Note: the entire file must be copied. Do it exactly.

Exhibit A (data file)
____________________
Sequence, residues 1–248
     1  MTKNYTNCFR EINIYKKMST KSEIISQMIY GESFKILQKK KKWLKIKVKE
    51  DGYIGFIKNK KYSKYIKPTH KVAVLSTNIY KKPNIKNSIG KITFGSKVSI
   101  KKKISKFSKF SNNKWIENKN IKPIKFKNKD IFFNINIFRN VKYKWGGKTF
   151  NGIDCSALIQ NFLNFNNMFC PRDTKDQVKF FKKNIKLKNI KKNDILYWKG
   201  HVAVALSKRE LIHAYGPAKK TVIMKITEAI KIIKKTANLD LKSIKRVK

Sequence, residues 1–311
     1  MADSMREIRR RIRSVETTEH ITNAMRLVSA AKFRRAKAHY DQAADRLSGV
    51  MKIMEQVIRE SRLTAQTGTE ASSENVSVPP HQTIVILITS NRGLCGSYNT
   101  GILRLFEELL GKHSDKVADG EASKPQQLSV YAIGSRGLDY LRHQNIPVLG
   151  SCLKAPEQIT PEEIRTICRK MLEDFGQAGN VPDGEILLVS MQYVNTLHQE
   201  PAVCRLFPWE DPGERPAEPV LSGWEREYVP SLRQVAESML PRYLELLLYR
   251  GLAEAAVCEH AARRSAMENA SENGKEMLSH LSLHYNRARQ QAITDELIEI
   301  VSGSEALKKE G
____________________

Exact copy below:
Sequence, residues 1–248
     1  MTKNYTNCFR EINIYKKMST KSEIISQMIY GESFKILQKK KKWLKIKVKE
    51  DGYIGFIKNK KYSKYIKPTH KVAVLSTNIY KKPNIKNSIG KITFGSKVSI
   101  KKKISKFSKF SNNKWIENKN IKPIKFKNKD IFFNINIFRN VKYKWGGKTF
   151  NGIDCSALIQ NFLNFNNMFC PRDTKDQVKF FKKNIKLKNI KKNDILYWKG
   201  HVAVALSKRE LIHAYGPAKK TVIMKITEAI KIIKKTANLD LKSIKRVK

Sequence, residues 1–311
     1  MADSMREIRR RIRSVETTEH ITNAMRLVSA AKFRRAKAHY DQAADRLSGV
    51  MKIMEQVIRE SRLTAQTGTE ASSENVSVPP HQTIVILITS NRGLCGSYNT
   101  GILRLFEELL GKHSDKVADG EASKPQQLSV YAIGSRGLDY LRHQNIPVLG
   151  SCLKAPEQIT PEEIRTICRK MLEDFGQAGN VPDGEILLVS MQYVNTLHQE
   201  PAVCRLFPWE DPGERPAEPV LSGWEREYVP SLRQVAESML PRYLELLLYR
   251  GLAEAAVCEH AARRSAMENA SENGKEMLSH LSLHYNRARQ QAITDELIEI
   301  VSGSEALKKE G